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Indian Citizenship for Tibetans

By Rohini Kejriwal  /  September 5, 2017;

Since 1959, when the Dalai Lama was forced to flee Tibet after a failed uprising against Chinese occupation, he sought asylum in India, and was accepted with open arms. The world figure and Tibetan spiritual leader has since had his residence in Dharamshala, which has also become a base for a government-in-exile and a hotbed for peaceful activism for Tibetan rights. Across India, over 100,000 Tibetans live across 39 formal settlements as well as numerous informal communities. Despite this, Tibetans do not have citizenship rights, which limits their access to bank loans, government jobs, and freedom of movement within and outside India; prevents them from owning land and property and forces them to live in fear of harassment, arrests and deportation.

In March 2017, the Delhi High Court declared that all Tibetans born in India between January 1950 and July 1987 are Indian citizens by birth, and can be issued passports instead of the refugee status they have had thus far. In June, the Ministry of External Affairs (MEA), the authority issuing passports in India, mandated Tibetans seeking Indian passports under the Citizen Act of 1955 to forfeit any benefits from the Tibetan government-in-Exile, officially known as Central Tibetan Administration (CTA), including living in a Tibetan refugee settlement.

To make matters worse, on July 5, the Kashag (Secretariat of the CTA) ordered all the Departments under it to stop issuing No Objection Certificate (NOC) or any letter of support to Tibetans applying for an Indian passport. According to this, a Tibetan who would like to apply for a passport must surrender their Registration Certificate (RC) and Identity Certificate (IC), which are the stay permit and travel document in India, at the Foreigner’s Registration Office (FRO) at the police station where it is issued and renewed. Further, the applicant should not be staying at any of the designated Tibetan Refugee Settlements. He/she must also declare on paper that they no longer enjoy CTA benefits or any privileges, including subsidies, which would have accrued to them by virtue of being a RC holder and that these have been surrendered.

These orders are apparently in violation of Article 8(2) of the Charter of the Tibetans-in-exile, which states: “Any exile Tibetan can seek citizenship of another country and still retain their Tibetan nationality provided they fulfil the five clauses of Article 13 [A Tibetan must: have faith in the CTA; respect and practice the Charter and the laws of the Tibetans-in-exile; take part in the Tibetan freedom struggle; pay tax to the CTA as per the rules and fulfil responsibilities laid down by law at times of emergency for the CTA and the Tibetan public]. It is on this basis that Tibetans who are living in and have acquired citizenship of another country retain their Tibetan nationality. The new rules are also said to be in violation of the Constitution of India.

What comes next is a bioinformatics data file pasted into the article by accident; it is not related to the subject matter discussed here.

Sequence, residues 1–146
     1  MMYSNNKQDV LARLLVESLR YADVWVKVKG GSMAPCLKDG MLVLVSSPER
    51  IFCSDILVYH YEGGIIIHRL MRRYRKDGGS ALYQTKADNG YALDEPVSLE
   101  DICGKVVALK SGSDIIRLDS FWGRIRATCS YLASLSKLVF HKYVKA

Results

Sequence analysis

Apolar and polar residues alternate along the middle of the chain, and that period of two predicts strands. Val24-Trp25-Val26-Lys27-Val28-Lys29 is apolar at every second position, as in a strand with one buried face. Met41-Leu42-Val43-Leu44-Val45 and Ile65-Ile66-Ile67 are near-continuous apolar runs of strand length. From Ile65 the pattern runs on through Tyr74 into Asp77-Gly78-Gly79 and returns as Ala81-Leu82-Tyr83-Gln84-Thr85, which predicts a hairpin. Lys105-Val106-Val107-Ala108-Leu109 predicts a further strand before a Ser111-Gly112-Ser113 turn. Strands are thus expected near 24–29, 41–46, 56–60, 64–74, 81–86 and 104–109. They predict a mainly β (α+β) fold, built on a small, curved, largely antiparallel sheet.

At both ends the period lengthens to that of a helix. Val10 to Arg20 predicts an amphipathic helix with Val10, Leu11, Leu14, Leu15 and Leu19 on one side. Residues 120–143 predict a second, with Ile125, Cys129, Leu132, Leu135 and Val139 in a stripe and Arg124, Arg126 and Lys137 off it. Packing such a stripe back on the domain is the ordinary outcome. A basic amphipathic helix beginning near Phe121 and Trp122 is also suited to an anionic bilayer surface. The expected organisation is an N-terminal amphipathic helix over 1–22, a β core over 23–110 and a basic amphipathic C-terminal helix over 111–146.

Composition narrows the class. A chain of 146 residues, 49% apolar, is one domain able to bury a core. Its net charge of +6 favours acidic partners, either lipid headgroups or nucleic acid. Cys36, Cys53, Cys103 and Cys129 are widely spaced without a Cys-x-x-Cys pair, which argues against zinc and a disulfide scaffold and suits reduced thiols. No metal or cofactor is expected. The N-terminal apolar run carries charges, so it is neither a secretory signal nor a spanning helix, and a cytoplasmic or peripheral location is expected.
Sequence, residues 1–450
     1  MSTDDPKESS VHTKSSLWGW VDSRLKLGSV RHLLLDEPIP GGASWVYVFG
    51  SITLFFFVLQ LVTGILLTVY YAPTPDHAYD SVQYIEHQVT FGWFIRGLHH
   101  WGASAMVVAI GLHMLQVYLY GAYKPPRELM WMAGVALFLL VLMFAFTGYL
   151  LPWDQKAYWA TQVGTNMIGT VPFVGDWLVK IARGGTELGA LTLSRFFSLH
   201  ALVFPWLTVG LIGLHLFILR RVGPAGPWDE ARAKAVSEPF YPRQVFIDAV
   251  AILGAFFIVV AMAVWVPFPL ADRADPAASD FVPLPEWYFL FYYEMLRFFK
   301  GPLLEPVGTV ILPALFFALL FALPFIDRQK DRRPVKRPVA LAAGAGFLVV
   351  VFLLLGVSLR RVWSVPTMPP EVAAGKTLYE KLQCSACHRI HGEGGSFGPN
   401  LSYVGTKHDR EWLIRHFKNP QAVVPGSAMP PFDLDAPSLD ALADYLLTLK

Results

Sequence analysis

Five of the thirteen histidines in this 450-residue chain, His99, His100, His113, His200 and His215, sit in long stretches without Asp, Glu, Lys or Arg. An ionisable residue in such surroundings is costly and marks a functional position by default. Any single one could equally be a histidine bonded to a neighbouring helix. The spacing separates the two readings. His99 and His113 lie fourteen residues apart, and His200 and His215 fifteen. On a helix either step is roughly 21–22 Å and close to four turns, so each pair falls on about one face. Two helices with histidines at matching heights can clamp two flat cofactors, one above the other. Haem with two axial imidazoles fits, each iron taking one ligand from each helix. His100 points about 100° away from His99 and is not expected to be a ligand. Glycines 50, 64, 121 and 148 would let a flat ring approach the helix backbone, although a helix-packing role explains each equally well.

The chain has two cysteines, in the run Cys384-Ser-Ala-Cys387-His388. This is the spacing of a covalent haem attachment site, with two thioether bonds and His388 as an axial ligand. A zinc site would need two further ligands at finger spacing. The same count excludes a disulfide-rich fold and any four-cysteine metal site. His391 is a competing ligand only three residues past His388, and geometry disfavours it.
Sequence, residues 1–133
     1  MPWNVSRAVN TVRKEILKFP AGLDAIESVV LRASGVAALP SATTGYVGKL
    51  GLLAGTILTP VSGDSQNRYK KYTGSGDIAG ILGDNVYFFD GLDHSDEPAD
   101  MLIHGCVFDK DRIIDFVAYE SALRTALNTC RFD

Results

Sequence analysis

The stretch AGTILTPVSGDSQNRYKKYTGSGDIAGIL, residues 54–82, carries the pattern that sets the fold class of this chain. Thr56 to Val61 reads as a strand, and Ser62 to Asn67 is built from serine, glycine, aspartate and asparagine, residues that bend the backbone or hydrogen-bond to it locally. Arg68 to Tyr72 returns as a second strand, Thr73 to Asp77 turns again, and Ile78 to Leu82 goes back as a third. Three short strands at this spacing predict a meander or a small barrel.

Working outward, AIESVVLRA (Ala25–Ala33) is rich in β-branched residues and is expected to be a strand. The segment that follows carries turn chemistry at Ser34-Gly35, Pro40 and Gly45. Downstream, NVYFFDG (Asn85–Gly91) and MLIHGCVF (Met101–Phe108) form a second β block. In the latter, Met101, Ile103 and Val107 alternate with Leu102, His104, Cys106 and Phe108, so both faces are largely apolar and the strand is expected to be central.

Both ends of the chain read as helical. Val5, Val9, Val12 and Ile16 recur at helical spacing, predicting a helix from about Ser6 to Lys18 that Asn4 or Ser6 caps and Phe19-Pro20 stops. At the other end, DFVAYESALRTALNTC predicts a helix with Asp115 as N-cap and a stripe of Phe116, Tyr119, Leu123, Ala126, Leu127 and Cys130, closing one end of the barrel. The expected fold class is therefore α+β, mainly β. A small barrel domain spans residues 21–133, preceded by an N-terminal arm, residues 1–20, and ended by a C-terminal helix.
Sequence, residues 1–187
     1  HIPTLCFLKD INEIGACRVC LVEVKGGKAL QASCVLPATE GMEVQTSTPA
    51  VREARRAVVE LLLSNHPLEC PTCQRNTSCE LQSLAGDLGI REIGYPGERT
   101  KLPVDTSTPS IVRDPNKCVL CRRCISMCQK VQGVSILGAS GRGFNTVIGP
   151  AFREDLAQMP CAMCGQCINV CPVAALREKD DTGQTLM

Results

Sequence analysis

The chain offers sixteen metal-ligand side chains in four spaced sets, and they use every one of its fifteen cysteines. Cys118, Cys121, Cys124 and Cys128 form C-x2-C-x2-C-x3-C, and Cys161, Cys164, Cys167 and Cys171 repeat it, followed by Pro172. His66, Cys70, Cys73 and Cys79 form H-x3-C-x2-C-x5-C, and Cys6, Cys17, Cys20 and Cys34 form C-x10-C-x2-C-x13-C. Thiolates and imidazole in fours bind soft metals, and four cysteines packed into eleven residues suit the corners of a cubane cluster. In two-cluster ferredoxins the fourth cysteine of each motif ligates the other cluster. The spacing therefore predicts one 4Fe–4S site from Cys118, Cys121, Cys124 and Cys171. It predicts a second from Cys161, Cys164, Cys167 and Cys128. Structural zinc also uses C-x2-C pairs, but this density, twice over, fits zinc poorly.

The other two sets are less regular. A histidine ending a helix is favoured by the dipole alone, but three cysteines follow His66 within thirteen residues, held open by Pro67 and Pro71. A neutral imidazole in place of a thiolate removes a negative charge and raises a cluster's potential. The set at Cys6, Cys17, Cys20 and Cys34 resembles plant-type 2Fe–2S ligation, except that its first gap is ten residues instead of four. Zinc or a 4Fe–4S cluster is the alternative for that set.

These unlawful rules have made it a daunting task for Tibetans to acquire Indian passports, many of whom are left in limbo by the sudden policy change. More importantly, the issue of citizenship and rights is also an emotional one, with the community divided on the notions of home and identity.

Tenzin Tsundue, the Tibetan writer and activist said on Facebook “While it is legal for Tibetans born in India to seek citizenship rights in India, I think it’s wrong to take advantage of citizenship rights only for certain benefits as a few Tibetans are doing. Changing one’s citizenship is a very serious moral and legal decision, especially when we know India is not a dual citizenship country.
“It would be hypocrisy to say I remain Tibetan at heart but take the citizenship rights of India only for certain benefits. Emotionally we are as Indian as we are Tibetan. But after swearing in loyalty to India, the Tibetan loses his/her legitimate rights on Tibet that he/she is a descendent of. The Tibetan Government-in-Exile is right in advising Tibetans to maintain their legal and cultural identity”.
Last year, when Professor Samdhong Rinpoche, former head of the Tibetan exile government was asked about possible ramifications for the Tibetan freedom movement of Tibetans taking citizenship of other countries by Tibet Sun, he replied, ‘There may not be huge or immense impact to the Tibetan movement. […] One’s own race or nation is always combined with that. Then what the basic difference would be, is then the person can work as Tibet supporter, not as a Tibetan. As a Tibetan, I fight for my own rights. And Tibet support groups, I support the Tibetan people for fighting for their rights. So this will be the difference. Psychologically, there could be some ramifications, to work as a Tibetan, and as a Tibet supporter’.

Lobsang Rabsel, Deputy Director of Lha, speaking to Contact magazine said “I have three reasons why Tibetans shouldn’t take Indian Citizenship. If gradually, all Tibetans take Indian citizenship, the exile Tibetan government will not exist. The Chinese government is accusing His Holiness the Dalai Lama, saying that it is not legitimate for him, having left Tibet, to speak about Tibet’s cause. Soin that case we would all also lose that right to talk about Tibet and its movement if we take citizenship of other countries. Finally, some foreign countries automatically give citizenship to people after years of living in their country. But in India, Tibetans fight for Indian citizenship through a legal process. So there is a huge moral difference in getting that citizenship”.

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